Meaning of BANKING (CONT.) in English

BANKING (CONT.)

Of course, private banks cannot simply create money out of thin air without limit and still expect to stay in business. When the bank credits a borrower's account with the amount of his new loan, it is to be expected that the borrower will very soon want to spend part or all of the money he has borrowed. After the check the borrower writes is deposited in somebody else's account in another bank, the check will soon be presented for collection at the lending bank, and they will have to have the cash on hand to pay the other bank off at that time. The more dollars' worth of loans a bank has extended, the more cash it will have to have on hand in reserves to meet the daily flow of redemptions. Most or all of the check redemption demands coming in every day can normally be offset by the cash and checks drawn on other banks that the depositers and borrowers have brought in and deposited or paid that day, but an "unsound" bank that extends loans with reckless abandon sooner or later will find that the flow of checks presented to it for collection greatly exceeds the flow of outside checks and cash being brought in. Once the bank's vaults are empty and the cash reserves are gone, the management must quickly (overnight!) either borrow the necessary additional cash elsewhere (probably at high interest rates ) or else sell off some of the bank's assets (because of the haste, probably at fire-sale prices). When the troubled bank can no longer borrow and has no assets left that can be sold on short notice, it can no longer fulfill its ontractual guarantees to pay its obligations on demand and is therefore out of business with the banks owners and managers now subject to civil (and perhaps criminal) legal penalties (bankrupcy, suits for breach of contract, negligence, and fraud, indictments for fraud, embezzlement, etc.).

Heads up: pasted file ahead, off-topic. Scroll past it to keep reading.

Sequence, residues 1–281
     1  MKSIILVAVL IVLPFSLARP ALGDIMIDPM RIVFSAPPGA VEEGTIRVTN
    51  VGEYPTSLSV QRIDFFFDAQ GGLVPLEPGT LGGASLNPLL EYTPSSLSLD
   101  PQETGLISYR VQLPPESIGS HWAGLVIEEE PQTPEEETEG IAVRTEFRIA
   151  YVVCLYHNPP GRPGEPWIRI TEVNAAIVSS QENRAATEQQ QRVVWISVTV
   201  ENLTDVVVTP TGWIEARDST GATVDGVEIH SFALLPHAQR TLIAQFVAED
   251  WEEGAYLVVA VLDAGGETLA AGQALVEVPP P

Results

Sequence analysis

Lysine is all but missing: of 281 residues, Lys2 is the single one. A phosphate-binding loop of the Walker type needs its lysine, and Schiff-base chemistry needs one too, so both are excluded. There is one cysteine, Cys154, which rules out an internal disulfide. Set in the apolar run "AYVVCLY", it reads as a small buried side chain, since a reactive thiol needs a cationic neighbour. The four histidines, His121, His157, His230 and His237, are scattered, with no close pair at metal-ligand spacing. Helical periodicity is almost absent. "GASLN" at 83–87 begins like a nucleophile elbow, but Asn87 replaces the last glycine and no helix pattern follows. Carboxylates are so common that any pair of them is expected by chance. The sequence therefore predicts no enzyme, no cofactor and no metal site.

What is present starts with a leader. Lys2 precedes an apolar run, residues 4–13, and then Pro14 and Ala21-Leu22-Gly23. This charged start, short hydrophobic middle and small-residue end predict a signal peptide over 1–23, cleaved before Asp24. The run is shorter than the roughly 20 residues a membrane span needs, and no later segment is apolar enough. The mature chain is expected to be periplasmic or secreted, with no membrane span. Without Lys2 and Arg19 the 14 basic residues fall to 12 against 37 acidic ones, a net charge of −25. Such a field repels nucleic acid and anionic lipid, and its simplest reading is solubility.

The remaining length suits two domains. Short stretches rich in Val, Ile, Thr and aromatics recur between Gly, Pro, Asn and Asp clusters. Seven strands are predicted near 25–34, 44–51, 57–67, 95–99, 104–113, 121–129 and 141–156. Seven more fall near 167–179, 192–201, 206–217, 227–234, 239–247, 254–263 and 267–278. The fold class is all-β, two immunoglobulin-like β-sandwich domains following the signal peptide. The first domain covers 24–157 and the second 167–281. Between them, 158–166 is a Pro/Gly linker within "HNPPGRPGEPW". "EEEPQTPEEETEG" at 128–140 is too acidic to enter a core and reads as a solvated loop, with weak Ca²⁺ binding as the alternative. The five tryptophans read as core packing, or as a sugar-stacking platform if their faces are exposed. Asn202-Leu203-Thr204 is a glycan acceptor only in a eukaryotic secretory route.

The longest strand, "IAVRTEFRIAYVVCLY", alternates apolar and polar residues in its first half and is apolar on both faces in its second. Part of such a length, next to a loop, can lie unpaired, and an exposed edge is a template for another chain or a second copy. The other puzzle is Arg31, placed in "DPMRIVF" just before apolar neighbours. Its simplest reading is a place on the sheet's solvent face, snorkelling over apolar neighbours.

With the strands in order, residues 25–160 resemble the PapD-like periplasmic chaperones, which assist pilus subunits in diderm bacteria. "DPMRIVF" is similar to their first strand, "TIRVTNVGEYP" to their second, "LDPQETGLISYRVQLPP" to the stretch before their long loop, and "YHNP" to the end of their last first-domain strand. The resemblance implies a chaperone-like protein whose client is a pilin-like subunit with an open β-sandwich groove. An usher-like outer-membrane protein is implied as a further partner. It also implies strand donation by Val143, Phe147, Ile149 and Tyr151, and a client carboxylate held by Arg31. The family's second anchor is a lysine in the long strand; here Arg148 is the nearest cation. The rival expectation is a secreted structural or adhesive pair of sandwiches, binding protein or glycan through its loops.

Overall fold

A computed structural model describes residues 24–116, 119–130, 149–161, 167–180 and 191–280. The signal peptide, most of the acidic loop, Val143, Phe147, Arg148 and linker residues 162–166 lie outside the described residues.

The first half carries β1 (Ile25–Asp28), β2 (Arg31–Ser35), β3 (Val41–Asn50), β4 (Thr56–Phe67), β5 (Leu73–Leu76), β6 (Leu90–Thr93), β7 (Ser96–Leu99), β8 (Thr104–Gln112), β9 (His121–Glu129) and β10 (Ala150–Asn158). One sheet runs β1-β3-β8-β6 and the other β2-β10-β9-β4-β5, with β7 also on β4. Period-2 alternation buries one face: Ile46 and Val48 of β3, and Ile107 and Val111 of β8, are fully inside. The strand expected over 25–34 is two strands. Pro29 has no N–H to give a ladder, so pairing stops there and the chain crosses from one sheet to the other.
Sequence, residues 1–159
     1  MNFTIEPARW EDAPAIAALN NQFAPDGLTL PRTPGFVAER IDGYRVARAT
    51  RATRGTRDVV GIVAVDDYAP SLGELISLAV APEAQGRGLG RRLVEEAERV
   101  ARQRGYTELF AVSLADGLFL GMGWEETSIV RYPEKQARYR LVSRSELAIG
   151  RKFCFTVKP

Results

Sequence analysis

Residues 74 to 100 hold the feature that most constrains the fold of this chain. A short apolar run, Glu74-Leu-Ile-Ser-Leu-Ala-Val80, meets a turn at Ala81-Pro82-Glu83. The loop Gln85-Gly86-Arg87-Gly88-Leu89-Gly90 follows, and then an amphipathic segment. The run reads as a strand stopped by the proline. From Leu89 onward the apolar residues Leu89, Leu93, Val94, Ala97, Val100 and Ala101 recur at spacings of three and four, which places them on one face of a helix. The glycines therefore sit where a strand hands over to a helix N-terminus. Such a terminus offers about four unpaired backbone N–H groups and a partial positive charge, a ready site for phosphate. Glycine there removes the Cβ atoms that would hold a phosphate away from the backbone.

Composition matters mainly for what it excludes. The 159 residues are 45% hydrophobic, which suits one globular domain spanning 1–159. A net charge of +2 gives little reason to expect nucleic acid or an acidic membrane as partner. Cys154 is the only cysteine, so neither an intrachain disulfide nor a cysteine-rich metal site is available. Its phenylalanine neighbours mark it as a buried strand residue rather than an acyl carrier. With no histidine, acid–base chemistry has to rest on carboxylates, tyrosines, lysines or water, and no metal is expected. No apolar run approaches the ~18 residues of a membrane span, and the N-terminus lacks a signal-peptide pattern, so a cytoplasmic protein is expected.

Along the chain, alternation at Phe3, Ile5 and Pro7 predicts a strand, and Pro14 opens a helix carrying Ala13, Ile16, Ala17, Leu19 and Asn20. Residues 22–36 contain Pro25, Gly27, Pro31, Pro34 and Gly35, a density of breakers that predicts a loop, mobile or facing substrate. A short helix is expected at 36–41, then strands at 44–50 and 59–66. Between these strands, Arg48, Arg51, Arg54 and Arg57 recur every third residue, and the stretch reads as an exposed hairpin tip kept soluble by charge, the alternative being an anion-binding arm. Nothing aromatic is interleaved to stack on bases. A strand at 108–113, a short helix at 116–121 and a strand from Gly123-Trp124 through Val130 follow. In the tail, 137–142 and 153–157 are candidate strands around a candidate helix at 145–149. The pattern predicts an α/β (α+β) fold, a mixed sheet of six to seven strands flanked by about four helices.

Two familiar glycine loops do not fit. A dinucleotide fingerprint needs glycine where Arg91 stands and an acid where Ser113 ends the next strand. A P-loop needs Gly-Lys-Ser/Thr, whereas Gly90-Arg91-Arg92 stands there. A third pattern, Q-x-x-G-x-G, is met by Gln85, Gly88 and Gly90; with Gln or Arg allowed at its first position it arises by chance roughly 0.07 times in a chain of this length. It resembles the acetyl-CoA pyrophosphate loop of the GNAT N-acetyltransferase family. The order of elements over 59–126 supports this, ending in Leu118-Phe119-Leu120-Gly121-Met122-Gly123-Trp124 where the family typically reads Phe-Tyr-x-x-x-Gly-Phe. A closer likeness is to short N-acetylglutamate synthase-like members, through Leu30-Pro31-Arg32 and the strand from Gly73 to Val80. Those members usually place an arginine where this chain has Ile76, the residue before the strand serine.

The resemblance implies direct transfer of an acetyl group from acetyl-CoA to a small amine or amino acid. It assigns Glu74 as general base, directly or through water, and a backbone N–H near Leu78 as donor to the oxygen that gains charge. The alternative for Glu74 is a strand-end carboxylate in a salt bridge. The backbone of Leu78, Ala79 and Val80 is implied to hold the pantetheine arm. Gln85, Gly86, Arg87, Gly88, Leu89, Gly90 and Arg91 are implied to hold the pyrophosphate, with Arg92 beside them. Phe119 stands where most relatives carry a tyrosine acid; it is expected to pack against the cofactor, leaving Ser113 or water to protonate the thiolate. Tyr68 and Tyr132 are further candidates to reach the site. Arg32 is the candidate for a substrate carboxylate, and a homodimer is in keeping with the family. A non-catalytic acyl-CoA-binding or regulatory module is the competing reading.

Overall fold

"Sound" banks limit the volume of the loans they extend so that they remain in a prudent proportional relationship to the amount of instantly liquid funds they have available in "reserves" (either as currency in the vault or as demand deposits in some other bank, such as the Federal Reserve ). But bankers face a difficult trade-off. The flow of checks that will be presented for payment and the volume of new deposits and loan repayments coming in every day cannot be predicted with 100% accuracy, so the higher the fraction of its total deposit obligations the bank holds ready in reserves, the safer or "sounder" the bank can be considered (and the more attractive the bank will seem to depositers and other potential business associates). However, reserves do not yield any interest income to the bank; only the funds that are tied up in loans to (solvent) borrowers can contribute directly and immediately to the bank's profitability. To maximize their profits , bank management must find the best way to strike a balance between the need to maintain their "reserve ratio" at a level high enough to limit their risks of becoming insolvent and the conflicting need to keep the highest feasible proportion of the bank's available funds loaned out at interest .

[See also: money stock , monetary policy , reserve requirement , Federal Reserve System ]

English glossary of political economy terms.      Английский глоссарий политико-экономических терминов.